More ages, more epochs, and many an earthquake, hurricane, volcano, and tsunami later, came the era of (so-called) Civilized Man. Humans had long been farming and growing crops, they had built many walled cities, they had established renowned lycea, they had recently navigated the vast oceans, and now they were crossing both oceans and continents by flying through the air!
On a blustery spring afternoon, an aeroplane flew quite low over a vast scrubby plain, so low that a few passengers could even see two little figures down on the plain, apparently a man and a boy. “What could those two be doing out there?” a passenger asked her husband.
Actually, ‘those two’ happened to be a father and a son and what they were doing was taking a day hike. The bespectacled man, of average height and sinewy build, was carrying a small backpack. The brown-haired, slim boy beside him looked like an energetic twelve-year-old.
Presently, the father decided to proceed with his plan to show his son how to build a campfire on a windy day and heat some beans. He sent the boy to scour the nearby area for brushwood and scrub while he started to scoop out a circular pit for the campfire and look for suitable rocks to ring it with.
The father had dug no more than half the campfire pit when his son came running back, quite excited, and without any brushwood or scrub. “Dad, dad, see what I’ve found!” he yelled. The boy was holding something, which he handed to his father. “What a twinkly, glittery little stone.” He had a feeling that he had made a real find.
The father took the ‘stone’ and what he saw rendered him speechless for a few seconds. “I’ll be— this is incredible!” exclaimed the father upon recovering his composure. “Yes, though it’s small, for a diamond it’s huge!” Father and son fascinatedly inspected the precious stone all round and over, admiring it with ‘oohs’ and ‘aahs.’ After a couple of minutes the father carefully put the diamond in his jacket’s inner pocket and zipped it shut.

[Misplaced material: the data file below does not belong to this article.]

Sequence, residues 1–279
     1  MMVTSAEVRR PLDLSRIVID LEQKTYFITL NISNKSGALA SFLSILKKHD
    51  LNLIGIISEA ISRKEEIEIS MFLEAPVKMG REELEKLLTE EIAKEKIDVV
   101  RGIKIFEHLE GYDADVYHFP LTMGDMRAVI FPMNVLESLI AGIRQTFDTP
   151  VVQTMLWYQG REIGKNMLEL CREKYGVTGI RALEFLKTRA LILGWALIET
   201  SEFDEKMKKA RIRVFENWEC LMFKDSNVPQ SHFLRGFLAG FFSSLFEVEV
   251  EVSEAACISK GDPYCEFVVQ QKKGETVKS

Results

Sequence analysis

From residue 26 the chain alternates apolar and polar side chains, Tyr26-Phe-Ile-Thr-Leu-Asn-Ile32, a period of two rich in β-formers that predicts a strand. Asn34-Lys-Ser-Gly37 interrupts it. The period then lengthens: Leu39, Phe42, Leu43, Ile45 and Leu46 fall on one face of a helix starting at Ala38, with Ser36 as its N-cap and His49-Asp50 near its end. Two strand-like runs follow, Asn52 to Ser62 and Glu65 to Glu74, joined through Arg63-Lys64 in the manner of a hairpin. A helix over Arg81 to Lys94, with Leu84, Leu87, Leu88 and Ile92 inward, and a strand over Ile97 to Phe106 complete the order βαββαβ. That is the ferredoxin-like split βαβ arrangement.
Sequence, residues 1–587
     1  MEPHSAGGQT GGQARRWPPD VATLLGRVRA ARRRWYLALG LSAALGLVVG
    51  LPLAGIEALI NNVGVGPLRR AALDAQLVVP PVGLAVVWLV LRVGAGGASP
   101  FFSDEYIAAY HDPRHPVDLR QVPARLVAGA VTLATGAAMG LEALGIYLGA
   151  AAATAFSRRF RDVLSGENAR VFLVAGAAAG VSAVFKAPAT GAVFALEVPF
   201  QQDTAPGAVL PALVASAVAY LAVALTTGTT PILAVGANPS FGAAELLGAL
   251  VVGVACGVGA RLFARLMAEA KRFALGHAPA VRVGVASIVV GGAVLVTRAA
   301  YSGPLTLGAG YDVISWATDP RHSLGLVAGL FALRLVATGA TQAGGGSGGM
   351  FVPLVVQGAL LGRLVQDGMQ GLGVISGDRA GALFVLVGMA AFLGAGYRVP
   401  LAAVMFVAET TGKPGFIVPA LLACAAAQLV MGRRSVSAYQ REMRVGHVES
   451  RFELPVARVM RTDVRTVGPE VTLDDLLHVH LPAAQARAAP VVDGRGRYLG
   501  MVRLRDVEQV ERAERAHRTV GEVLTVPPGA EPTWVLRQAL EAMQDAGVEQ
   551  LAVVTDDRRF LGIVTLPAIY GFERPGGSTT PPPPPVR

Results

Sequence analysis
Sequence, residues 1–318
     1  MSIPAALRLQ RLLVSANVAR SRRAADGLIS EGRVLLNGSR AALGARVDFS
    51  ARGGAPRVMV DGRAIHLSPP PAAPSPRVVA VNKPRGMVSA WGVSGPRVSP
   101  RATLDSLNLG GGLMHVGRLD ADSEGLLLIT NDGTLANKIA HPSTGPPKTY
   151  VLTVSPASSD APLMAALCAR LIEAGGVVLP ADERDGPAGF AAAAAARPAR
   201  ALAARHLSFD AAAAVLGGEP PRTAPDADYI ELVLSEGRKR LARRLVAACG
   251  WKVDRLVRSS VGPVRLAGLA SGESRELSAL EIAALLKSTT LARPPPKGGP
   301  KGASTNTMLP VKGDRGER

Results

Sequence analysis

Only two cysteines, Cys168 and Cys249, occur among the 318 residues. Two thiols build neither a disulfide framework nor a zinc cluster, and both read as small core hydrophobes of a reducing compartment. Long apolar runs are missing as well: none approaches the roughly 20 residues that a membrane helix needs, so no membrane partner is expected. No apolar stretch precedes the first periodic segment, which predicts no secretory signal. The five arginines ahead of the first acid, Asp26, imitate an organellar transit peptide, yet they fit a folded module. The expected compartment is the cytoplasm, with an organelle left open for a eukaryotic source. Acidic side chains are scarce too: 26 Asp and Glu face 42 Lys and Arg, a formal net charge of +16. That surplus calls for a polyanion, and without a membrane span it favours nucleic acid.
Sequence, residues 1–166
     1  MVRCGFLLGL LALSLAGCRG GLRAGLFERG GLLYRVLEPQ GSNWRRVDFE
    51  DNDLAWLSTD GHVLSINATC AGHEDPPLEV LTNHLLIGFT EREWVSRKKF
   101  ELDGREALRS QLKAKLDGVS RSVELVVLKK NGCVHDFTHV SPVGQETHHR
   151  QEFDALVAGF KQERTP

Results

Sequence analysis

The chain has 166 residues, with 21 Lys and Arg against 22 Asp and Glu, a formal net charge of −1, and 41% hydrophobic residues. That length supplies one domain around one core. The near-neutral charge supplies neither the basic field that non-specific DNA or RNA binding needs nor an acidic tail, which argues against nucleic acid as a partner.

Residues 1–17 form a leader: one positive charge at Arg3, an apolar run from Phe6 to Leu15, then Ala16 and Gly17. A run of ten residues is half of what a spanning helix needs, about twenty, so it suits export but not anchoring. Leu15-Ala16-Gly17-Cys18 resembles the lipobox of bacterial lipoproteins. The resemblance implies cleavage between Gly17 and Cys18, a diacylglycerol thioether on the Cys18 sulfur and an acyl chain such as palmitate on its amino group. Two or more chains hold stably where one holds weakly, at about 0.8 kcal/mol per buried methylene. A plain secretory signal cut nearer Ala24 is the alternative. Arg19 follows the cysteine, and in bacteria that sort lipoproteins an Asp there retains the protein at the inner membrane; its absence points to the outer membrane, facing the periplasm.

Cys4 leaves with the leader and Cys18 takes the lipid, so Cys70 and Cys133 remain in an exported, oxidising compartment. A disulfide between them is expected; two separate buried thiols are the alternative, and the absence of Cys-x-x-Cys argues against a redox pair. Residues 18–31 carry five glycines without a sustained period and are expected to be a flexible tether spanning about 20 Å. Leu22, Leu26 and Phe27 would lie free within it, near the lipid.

“Well done, son! You’ve found a very valuable diamond,” said the father, clapping his son on the back and ruffling his hair. “Where did you find it?”
“Some ways over there— it was sticking out beneath a little mound,” the boy replied, pointing back to where he had been.
“What little mound? Show me.”
“Sure dad, this way.”
The boy started to jog in the direction he had indicated and his father began to trot beside him. “The mound was a wee little thing, only about this big,” he said, raising his arms and holding his hands apart about six inches from one another.
“Hmm,” said his father, who was a geologist. “Nearly a hundred million years ago, these were not flatlands . . . some huge mountains used to stand right here.”
Father and son jogged along, the gusting wind making their mufflers flap and flutter like pennants.
In less than a minute the boy spoke. “That mound,” he said, pointing. But both father and son saw that the object pointed to was only a little hump no more than three inches.
Just then a hard gust of wind scattered what had been left of the disintegrating little mound.
“Oh! There goes the last of it,” said the boy.
“It’s gone for good!”
“Dad, may I please have another look at the diamond?”
“Sure, son,” said the father unzipping his pocket and taking out the stone. “Do you know nothing is harder and tougher than a diamond? It simply cannot be broken or destroyed.”
As the boy held the uncut diamond in his fingers, its sharp edges and grooves made a whistling sound in the blowing wind, the note and pitch varying as the boy turned the stone this way and that. Intrigued, he put the diamond to his ear. In a moment or two he glanced at his father, a quizzical expression on his face. He opened his mouth as if to say something but then just shook his head.
“What? What?” asked the father, curiosity piqued.
The boy took his hand away from his ear and returned the precious stone to his father. He replied, “Well, it’s strange but . . . but I could swear that I heard the diamond laugh – I – I mean, it made a laughing sound; a, a— like a laugh of triumph. Must’ve been the wind, of course.”
The father smiled. “Of course!”